You do this by scouring each crime scene for clues, interrogating suspects, and then piecing the evidence together on a deduction map. Finding clues is mostly a pixel hunt—an adventure game staple—but there’s a Sherlockian twist. Certain moments require that you use your imagination and reason to get from one logical conclusion to another. It’s little more than activating a Batman-like “Detective mode”—simply hit a button and watch as Holmes’ reasoning appears on-screen in order—but it’s a neat touch, as you’re effectively watching the gears turn in Sherlock’s brain. Actually searching for each individual clue is pretty easy (as long as you’re aware of your surroundings), and Crime and Punishments helpfully lets you know when you’ve finished investigating an area. There’s a lot of back and forth as you traverse different environments, taking old clues and applying them to new ones, but loading is generally snappy, and the joy of piecing the evidence together outweighs the trudgery.
Actually putting that information to use is a bit more involved. Once you’ve found all the clues you need for a given case, you need to piece them together on the deduction map. This section resembles various synapses connecting in Sherlock’s brain, as you tumble each of the pieces of information you’ve gathered in your own head to form logical conclusions. Like finding clues, deciding on what to do with them is a fairly straightforward process, as you usually have only one or two conclusions to choose from for a particular clue, but coming to the right deduction at the end of the case is a bit more difficult. There are many logical suspects, each one with their own motives, but it’s up to you to pieces the evidence together to find the right one. It’s rare that an adventure game gives you so much freedom in how you approach your investigations, but Crimes and Punishments gives you the opportunity to form your own observations, and rewards you with the correct (or incorrect) ending based on your choices.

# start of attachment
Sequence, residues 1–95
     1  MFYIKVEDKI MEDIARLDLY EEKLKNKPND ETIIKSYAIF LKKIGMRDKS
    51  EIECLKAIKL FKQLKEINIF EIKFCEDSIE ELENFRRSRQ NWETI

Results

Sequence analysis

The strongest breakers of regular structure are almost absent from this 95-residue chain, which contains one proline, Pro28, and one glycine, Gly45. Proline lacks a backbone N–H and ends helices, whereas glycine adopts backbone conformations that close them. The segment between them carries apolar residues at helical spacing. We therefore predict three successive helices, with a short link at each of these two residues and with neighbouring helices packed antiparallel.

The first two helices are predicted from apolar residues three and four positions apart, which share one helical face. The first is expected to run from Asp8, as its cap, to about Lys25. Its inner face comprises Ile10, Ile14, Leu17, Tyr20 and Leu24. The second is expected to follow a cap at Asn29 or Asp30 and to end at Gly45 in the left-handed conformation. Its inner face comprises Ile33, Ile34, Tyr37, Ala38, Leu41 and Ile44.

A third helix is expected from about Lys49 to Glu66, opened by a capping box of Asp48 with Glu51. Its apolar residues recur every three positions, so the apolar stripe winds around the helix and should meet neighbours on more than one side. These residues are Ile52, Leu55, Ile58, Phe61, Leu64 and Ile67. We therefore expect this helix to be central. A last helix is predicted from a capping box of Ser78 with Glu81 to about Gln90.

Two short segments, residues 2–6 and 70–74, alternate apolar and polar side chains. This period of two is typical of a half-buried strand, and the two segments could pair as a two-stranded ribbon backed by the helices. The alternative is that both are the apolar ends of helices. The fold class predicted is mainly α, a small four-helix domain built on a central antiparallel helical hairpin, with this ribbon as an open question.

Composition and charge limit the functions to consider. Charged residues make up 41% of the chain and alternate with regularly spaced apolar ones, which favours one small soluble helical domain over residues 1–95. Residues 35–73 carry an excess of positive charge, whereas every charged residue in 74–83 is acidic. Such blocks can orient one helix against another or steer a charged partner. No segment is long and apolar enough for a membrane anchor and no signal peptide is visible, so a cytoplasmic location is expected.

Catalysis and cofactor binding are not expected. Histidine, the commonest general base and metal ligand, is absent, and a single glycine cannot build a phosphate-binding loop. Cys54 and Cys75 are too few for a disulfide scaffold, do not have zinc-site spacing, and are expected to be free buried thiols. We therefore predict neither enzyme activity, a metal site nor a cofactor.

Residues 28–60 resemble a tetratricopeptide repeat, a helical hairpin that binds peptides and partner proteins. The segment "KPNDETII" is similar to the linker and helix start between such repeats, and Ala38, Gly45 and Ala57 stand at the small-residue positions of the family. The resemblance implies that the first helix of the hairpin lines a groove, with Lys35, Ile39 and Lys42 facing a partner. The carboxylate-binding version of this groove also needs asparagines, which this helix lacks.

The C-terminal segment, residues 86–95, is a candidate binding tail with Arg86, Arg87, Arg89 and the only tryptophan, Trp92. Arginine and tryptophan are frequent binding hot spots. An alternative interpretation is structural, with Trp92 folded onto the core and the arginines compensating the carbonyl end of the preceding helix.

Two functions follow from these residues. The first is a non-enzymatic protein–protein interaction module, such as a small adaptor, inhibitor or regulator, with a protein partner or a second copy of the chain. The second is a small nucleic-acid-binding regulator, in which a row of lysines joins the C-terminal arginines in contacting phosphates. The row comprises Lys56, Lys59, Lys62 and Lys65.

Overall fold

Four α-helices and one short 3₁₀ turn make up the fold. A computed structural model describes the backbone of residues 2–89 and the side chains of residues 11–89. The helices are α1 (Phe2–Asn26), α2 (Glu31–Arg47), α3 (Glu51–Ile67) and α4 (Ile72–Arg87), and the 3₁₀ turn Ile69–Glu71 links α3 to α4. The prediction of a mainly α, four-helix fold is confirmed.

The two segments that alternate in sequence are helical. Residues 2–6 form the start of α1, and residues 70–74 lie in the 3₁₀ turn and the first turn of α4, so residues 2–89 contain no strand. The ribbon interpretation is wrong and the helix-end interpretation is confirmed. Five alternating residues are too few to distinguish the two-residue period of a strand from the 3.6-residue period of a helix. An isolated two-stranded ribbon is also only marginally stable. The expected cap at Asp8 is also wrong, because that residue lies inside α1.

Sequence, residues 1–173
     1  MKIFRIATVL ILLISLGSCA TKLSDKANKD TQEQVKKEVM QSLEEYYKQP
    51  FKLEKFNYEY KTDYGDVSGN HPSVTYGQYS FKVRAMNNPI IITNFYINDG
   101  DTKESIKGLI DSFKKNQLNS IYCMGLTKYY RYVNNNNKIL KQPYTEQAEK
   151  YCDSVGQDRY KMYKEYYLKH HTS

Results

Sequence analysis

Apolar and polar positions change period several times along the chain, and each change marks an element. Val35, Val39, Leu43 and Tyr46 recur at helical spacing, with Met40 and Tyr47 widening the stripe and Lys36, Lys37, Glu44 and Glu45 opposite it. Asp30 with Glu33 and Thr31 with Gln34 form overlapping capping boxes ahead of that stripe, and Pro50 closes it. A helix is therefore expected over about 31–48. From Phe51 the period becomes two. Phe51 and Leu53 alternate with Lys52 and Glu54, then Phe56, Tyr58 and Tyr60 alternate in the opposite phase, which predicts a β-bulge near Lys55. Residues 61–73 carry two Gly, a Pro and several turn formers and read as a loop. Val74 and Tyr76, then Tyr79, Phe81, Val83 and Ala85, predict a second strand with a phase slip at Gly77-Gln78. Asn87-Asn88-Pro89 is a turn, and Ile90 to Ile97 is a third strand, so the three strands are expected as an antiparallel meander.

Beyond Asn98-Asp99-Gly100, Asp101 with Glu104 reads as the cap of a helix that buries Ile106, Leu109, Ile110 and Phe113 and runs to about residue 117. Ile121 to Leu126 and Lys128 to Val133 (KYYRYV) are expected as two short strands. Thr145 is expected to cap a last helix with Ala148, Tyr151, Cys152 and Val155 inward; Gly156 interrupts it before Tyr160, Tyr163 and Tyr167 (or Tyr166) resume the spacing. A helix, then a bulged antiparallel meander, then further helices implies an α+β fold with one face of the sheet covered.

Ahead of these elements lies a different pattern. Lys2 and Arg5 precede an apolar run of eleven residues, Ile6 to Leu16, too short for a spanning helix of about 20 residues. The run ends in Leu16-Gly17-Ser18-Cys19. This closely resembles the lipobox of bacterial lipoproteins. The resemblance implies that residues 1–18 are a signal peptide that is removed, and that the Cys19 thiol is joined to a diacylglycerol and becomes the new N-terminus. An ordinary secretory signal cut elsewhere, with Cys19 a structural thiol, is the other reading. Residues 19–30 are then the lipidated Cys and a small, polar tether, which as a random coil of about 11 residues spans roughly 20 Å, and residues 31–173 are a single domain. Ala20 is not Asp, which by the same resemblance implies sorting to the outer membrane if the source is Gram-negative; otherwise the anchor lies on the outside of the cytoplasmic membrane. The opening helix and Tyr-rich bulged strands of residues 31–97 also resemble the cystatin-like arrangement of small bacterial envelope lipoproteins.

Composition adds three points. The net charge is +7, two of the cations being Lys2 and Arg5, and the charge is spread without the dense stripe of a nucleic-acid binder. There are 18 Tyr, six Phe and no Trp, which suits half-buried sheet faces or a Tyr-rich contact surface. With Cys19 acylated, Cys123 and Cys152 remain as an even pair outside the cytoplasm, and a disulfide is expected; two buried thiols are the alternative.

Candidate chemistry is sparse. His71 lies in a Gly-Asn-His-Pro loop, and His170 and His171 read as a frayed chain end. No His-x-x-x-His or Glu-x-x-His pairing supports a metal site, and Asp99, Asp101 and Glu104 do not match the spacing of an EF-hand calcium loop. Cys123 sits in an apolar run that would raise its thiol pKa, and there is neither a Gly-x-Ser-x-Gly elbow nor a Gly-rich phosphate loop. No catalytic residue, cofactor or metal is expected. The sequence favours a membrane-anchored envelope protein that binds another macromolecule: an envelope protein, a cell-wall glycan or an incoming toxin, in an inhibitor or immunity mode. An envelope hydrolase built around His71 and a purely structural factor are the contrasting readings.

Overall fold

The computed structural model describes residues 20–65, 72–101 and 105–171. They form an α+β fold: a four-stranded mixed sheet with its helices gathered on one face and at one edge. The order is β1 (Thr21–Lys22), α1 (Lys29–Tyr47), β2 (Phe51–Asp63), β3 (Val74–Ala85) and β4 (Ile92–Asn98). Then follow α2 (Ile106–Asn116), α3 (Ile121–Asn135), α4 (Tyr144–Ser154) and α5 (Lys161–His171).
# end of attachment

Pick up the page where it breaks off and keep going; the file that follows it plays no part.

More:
While the core investigation mechanics are great, the morality system comes off as unnecessary. When you make your final choice at the end of a case, you can decide whether to condemn the suspect to imprisonment (or worse), or absolve them and let them go. At first, this seems like a great addition, as each case is filled with multiple shades of gray. That person you were thinking about sending to a death sentence? Turns out the person they killed was actually pretty horrible, and you can decide their ultimate fate. Unfortunately, this goes nowhere. You get a morality ranking at the end of each case that changes based on how you decide over the course of the game, but it makes no real difference on the overall narrative.
Crimes and Punishments also has a few small graphical issues that keep it from being truly great. The game itself looks fine, but animations are eerily stiff, and many characters have a glazed-over, dead-eyed look that’s awkward at best and creepy at worst. It’s not a huge deal, and it won’t impact your enjoyment of each individual mystery, but don’t go in expecting a powerhouse in the graphics department.
By honing in on what makes Sherlock Holmes great and keeping things focused to a series of small, individual cases, Crimes and Punishments keeps things consistently interesting and inventive. The narrative may be a bit disjointed, but Sherlock’s latest outing is his best yet.